Although it happens every year, going back to school doesn’t seem to get any easier. You’re coming off of vacation mode, booting back up to face colleagues and students, and nowadays, learning about new technological advances in the education market. A big part of the way that technology is incorporated is through blended learning classroom models, which combine face-to-face learning, hands-on activities, and online instruction. It is just as important to plan for back to school in the online and blended learning setting as it is to plan for the traditional setting. So as an administrator, how can you prepare for the best back-to-school season in your blended learning classrooms?
During the fall 2016 back-to-school season, what can an administrator do to prepare their blended learning classrooms?Read More
See what top new books for educators are coming out in August that you won’t want to miss.Read More
The key to successful online learning requires close coordination of many moving pieces—administrators, teachers, hardware...Read More
In early 2001, Steve Jobs, then the CEO of Apple, summoned a motley crew of employees and contractors to meet in a secret boardroom. Jobs tasked the team with an ambitious assignment: create a new MP3 player in six weeks. By all accounts, the group should have failed. The timeline to complete the project was unrealistically short and the team consisted of five engineering, marketing, and design executives who all had strong, competing views about how to develop the product.
But against all odds, the group was able to capitalize on one another’s unique skill sets, allowing ideas and perspectives to emerge that had never been combined before. The result was the innovative iPod that ultimately changed the face of technology and the music industry. Read More
Here are some of August’s top new books for educators:
Blending Leadership: Six Simple Beliefs for Leading Online and Off
Stephen J. Valentine, Dr. Reshan Richards, Brad Ovenell-Carter
Blending Leadership provides all school leaders with a unique approach to utilizing technology for more effective learning and leadership. As the online aspects of schools become just as important as their brick-and-mortar counterparts, leaders must be as effective screen-to-screen as they are face-to-face. Drawing from research, experience, and real-world examples, this book explores and unpacks six core beliefs necessary for the blended leader to succeed.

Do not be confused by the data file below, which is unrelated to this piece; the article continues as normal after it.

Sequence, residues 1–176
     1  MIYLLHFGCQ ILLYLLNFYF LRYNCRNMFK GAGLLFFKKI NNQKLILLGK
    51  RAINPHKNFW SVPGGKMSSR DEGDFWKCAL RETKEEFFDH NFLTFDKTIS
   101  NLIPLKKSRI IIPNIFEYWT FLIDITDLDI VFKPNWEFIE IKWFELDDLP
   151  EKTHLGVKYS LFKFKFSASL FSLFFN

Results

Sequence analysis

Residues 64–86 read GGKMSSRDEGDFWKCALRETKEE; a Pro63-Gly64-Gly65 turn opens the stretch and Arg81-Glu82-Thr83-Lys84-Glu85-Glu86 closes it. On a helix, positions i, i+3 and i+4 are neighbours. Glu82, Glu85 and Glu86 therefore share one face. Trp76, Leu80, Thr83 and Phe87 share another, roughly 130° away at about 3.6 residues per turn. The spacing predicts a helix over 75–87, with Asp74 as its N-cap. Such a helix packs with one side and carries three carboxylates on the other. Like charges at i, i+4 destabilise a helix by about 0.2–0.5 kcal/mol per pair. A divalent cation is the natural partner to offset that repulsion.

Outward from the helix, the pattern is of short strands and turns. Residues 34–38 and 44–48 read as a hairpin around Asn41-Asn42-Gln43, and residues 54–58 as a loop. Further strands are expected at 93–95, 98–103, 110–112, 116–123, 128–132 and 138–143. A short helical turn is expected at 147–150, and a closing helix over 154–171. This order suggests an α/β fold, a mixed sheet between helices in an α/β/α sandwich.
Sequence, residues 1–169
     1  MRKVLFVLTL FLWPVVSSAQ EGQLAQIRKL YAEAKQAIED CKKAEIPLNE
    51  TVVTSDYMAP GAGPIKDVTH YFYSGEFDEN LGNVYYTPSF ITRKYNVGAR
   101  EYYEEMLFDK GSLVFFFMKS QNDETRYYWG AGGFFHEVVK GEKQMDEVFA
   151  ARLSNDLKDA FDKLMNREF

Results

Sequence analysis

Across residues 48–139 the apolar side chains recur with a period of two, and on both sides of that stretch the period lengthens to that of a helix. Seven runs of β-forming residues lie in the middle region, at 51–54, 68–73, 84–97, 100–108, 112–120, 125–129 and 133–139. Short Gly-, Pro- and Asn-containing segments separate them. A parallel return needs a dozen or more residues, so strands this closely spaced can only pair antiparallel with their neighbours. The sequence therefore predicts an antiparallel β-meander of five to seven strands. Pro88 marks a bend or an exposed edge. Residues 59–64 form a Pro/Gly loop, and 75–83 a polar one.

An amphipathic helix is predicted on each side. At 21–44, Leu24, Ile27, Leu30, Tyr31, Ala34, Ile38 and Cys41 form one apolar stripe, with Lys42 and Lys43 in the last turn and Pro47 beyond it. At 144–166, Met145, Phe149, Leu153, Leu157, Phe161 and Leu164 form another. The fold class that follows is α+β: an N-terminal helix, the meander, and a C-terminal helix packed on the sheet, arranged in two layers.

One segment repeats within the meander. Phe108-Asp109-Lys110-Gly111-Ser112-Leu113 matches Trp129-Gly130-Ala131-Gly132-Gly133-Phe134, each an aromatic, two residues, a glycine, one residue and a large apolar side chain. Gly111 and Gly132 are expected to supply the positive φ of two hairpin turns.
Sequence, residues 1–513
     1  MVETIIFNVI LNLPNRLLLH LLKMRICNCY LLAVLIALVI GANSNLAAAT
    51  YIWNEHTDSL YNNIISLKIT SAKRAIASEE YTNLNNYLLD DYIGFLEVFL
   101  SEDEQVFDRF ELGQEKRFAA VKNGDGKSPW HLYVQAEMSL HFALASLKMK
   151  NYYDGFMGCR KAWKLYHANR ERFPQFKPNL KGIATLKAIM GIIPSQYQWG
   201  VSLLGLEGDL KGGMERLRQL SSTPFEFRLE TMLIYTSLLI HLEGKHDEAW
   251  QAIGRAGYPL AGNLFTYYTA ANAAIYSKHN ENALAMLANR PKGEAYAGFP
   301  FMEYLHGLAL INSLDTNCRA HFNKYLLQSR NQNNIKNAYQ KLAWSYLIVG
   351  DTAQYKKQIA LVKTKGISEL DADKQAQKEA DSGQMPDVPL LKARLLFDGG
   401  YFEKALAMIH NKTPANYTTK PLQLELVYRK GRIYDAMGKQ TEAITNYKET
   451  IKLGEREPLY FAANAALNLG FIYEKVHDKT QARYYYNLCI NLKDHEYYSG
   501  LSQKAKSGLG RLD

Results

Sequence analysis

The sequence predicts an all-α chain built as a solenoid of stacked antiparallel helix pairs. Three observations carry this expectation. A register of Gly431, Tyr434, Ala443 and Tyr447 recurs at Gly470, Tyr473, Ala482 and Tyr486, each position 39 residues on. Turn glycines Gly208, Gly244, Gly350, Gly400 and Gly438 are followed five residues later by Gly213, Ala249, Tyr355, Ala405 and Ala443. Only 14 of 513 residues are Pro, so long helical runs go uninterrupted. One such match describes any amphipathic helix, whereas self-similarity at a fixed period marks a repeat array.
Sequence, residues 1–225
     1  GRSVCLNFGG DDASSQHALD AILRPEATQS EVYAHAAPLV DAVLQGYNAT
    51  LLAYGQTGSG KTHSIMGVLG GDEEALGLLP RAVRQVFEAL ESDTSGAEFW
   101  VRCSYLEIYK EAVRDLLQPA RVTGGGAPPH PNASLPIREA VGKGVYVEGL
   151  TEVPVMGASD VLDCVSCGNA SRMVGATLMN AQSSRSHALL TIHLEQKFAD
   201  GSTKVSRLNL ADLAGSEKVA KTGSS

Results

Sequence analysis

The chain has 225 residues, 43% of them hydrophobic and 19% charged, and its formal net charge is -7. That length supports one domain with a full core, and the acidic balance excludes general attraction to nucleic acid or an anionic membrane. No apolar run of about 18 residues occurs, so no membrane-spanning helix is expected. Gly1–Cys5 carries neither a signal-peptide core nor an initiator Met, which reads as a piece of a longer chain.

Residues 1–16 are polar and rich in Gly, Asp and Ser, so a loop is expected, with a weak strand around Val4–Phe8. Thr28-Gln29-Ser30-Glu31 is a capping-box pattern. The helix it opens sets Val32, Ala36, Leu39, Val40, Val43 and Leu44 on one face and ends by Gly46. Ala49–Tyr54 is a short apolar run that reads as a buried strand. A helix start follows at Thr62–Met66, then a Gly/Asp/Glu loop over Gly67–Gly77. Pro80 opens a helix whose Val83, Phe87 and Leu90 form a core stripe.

Between email, websites, apps, updates, tweets, attachments, infographics, YouTube, and unceasing notifications, most people are inundated with digital detritus, and they either grow to ignore it or get swept under it. Effective blended leaders see these distractions as spurs to action, models, test cases, remixable commodities, and learning opportunities. Blending Leadership gives you the perspective you need to excel and the knowledge to leverage the tools at your disposal.
After some recent visits with educators in Texas, I remain struck by how diverse and increasingly complex the growing online learning landscape is becoming. Within districts I visited, it was common for multiple online implementations to be underway—each with its own set of distinct instructional objectives to be addressed. And the underlying commonality to success was clear: delivering effective online instruction in such a dynamic and multifaceted landscape requires close coordination of many moving pieces—administrators, teachers, hardware, software, labs, and more. Read More
Results from the latest Programme for International Student Assessment (PISA) set off alarm bells in when it revealed that US high school students lacked critical thinking skills.. The test, designed to measure the capacity for fifteen-year-old students to apply reading, mathematics, and science knowledge to real-world settings, found that American students ranked thirty-first in math, twenty-fourth in science, and twenty-first in reading, in a comparison with students from sixty-five other countries. These findings indicated not only that American students struggled to recall rote procedures and facts, but also that they had trouble analyzing, reasoning, and communicating effectively as they solved or interpreted problems.